On the surface, this Italian dramedy about a troubled cardinal reluctant to accept his election to the papacy is a likable, understated farce. Look closer and you'll see that it has serious issues on its mind. The opening scene has the church leadership literally bumbling around in the dark thanks to a Vatican power outage, while boisterously insisting everything is under control. The venerable French actor Michel Piccoli (who has played more villains than heroes for the likes of Chabrol and Buñuel) is heartbreakingly authentic as the reluctant pontiff. In a walkabout in Rome reminiscent of Jesus' and Moses' desert wandering, he drinks in the chaotic beauty of life beyond the cloisters. Faced with that Babel of competing needs he faces a dilemma. As Pope, he's theologically infallible, but he disagrees with God's decision that he should lead the church. -COLIN COVERT

  • ★★★ 1/2 out of four stars
  • Unrated; mature thematic elements. In subtitled Italian
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This story of polar bears and climate change follows the customary mama and cubs survival drama pattern, amping up the sentimentality with a soundtrack of Paul McCartney love songs. The 3-D IMAX images by cinematographer Florian Schultz are jaw-dropping. Meryl Streep's narration tends to the lecture-y, driving home the message that the Arctic, warming twice as fast as the rest of the planet, has become so inhospitable to its inhabitants that male polar bears turn to eating their own young. The mother polar bear, Streep instructs, "will die to save her cubs but is powerless to protect their habitat." Such talking points are useful, surely, as a counterbalance to well-funded lobbyists for the carbon economy, but is there a law that says we can't have some virtuosity with our virtuousness? -COLIN COVERT



"Marley" is a highly effective PBS-style documentary about reggae king Bob Marley. Music lovers know "No Woman No Cry," "Three Little Birds," "One Love" and other Marley songs. But how many know that he was born to a 60-year-old white English military officer/plantation supervisor and an 18-year-old black Jamaican woman? That Marley was ostracized as a youth for being mixed-race? That he started out in a group trying to be like the Temptations? Or that he was a fanatical fitness nut and soccer player? Director Kevin MacDonald ("The Last King of Scotland") tells the story of Robert Nesta Marley from his birth in a hut in Nine Mile in St. Ann Parish, Jamaica, to his death from cancer in Miami in 1981 at age 36. Ziggy Marley, his oldest son, and Chris Blackwell, head of Island Records, are among those interviewed. Others include Marley's mother, wife, girlfriend, oldest daughter (he fathered 11 children with eight different women) and musical associates, including Jimmy Cliff and Bunny Livingston, the colorful and articulate former Marley cohort in the Wailers. Marley's music pulsates throughout the movie, which is nearly 2 1/2 hours, but never feels long. -JON BREAM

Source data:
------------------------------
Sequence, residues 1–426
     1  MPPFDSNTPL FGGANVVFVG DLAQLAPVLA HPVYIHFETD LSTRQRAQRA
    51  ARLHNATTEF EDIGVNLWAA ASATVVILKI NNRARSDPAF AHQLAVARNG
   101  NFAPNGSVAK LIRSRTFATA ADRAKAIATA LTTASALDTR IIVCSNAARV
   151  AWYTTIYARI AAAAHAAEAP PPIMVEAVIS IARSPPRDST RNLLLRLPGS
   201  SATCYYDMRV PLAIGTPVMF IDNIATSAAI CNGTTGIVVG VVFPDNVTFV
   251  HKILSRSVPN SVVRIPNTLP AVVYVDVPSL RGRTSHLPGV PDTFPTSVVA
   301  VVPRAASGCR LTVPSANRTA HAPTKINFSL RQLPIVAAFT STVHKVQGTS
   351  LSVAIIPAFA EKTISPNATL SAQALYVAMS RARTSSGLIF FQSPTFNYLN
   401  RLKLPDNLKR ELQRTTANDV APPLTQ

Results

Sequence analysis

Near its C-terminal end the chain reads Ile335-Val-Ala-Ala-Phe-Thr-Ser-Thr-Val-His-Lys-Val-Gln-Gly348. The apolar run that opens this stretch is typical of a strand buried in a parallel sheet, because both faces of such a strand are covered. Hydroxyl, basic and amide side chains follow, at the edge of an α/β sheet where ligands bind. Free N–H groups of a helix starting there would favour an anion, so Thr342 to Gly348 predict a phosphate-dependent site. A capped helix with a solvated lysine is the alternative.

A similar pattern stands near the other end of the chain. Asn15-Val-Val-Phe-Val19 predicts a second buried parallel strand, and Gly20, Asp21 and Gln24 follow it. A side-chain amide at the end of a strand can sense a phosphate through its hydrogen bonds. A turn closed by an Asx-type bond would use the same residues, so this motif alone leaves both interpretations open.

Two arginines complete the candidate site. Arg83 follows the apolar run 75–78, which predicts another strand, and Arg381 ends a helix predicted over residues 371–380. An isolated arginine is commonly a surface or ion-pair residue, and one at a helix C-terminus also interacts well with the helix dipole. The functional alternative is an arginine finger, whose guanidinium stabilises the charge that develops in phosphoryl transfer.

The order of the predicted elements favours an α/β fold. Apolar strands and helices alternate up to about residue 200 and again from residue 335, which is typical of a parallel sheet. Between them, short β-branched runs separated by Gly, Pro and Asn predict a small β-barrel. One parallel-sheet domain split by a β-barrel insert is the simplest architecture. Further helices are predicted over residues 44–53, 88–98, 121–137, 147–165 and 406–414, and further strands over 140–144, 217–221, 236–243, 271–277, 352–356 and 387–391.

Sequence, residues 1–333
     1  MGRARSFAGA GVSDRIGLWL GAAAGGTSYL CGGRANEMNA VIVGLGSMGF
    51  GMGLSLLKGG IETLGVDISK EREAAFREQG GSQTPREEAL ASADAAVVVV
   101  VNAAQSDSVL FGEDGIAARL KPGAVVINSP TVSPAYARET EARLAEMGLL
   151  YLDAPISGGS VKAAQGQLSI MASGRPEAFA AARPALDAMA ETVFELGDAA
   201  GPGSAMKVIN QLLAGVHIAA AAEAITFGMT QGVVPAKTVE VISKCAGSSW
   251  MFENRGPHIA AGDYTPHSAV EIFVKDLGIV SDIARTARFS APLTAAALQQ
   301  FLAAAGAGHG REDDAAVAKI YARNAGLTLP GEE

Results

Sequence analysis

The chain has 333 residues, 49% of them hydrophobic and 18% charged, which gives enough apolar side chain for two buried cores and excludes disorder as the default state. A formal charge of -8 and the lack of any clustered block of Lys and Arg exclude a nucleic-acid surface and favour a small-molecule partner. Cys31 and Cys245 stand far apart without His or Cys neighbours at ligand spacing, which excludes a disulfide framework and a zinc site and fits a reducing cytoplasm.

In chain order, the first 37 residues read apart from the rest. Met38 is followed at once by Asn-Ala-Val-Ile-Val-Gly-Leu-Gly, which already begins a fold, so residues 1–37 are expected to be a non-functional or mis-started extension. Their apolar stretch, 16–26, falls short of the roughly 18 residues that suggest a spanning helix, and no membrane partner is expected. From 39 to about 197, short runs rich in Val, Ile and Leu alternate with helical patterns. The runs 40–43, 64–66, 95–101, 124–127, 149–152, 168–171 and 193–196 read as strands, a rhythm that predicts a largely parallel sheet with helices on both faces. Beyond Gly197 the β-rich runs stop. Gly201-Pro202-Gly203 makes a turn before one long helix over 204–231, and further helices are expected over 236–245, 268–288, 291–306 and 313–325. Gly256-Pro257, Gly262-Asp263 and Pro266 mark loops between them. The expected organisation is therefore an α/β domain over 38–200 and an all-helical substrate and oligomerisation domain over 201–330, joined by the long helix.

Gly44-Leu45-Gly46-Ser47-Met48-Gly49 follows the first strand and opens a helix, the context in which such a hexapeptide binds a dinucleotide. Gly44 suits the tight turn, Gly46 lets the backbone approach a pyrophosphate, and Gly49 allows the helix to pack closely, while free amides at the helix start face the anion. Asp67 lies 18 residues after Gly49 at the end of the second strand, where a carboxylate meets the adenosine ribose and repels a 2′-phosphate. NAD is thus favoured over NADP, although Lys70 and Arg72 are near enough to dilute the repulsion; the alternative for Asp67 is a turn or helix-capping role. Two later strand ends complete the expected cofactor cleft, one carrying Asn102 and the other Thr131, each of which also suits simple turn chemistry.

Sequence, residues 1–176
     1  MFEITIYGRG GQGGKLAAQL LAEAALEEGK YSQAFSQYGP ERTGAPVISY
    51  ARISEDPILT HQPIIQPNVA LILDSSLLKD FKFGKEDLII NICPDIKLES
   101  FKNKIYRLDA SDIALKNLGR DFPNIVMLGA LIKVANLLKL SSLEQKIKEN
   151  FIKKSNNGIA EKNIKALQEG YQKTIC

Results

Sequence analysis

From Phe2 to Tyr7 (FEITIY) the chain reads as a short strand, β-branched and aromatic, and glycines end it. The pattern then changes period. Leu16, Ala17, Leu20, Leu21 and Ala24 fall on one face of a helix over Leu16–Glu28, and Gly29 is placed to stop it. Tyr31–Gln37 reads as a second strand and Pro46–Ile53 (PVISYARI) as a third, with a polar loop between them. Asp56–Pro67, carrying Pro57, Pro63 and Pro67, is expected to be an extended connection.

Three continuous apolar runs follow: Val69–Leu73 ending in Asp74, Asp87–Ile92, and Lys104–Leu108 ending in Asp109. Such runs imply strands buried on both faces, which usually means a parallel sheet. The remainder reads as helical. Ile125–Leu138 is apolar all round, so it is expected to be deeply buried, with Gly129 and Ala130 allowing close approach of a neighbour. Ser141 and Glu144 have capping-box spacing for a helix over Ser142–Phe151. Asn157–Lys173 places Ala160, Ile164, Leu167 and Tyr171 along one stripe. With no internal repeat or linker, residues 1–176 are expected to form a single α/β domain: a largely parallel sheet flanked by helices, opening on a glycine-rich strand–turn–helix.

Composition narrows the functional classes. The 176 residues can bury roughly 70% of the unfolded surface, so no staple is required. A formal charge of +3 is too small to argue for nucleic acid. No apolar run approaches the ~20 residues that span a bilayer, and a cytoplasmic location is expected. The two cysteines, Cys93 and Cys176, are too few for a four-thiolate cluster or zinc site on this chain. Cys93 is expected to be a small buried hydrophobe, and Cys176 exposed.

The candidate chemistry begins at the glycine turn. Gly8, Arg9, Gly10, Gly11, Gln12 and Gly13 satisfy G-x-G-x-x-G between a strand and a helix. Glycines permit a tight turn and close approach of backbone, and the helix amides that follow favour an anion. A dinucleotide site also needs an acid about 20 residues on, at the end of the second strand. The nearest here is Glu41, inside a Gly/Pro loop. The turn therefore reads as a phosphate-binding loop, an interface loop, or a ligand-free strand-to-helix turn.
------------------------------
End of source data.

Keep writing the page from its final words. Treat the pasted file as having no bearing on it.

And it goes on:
"The Lucky One" is the edgiest-ever film adaptation of the writings of Nicholas Sparks. Which isn't saying much. Beth (Taylor Schilling) is a willowy and gorgeous single mom running a kennel with her speak-her-mind/ state-the-obvious grandma (Blythe Danner). Logan (Zac Efron) is a brooding ex-soldier, and chivalrous. "Isn't he chivalrous, dear?" granny says, elbowing Beth. Logan found Beth's photo in the dust after a firefight in Iraq. He lost comrades that day, and one of them had her photo. Logan manages to track Beth down in Louisiana. Director Scott Hicks ("Shine," "Snow Falling on Cedars") lifts this material above the "Dear John"/ "Message in a Bottle"/ "Last Song" source, but just barely. -ROGER MOORE, MCCLATCHY NEWS SERVICE

  • ★ 1/2 out of four stars
  • Rating: PG-13, for some sexuality and violence
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"Think Like a Man" is better than the last movie of its kind, "He's Just Not That Into You," which also took a book of relationship advice and somehow beat and stretched and stuffed it into an ensemble romantic comedy. "Think Like a Man" uses a similar formula -- a group of men and women engage in various emotional skirmishes -- but it doesn't dabble in too much sincerity, never takes its silly premise too seriously and is genuinely funny. Director Tim Story ("Barbershop") has assembled a good cast. There are the guys (Michael Ealy, Jerry Ferrera, Terrence Jenkins, Romany Malco), who play basketball, hang out together and brag and/ or moan about the women in their lives (Meagan Good, Regina Hall, Taraji P. Henson, Gabrielle Union), whose hopes are quite different. The women are tired of disappointment and have realigned their romantic goals after reading Steve Harvey's "Act Like a Lady, Think Like a Man." -CONNIE OGLE, MCCLATCHY NEWSPAPERS

  • ★★★ out of four stars
  • Rating: PG-13, for sexual humor, some crude language, brief drug use.
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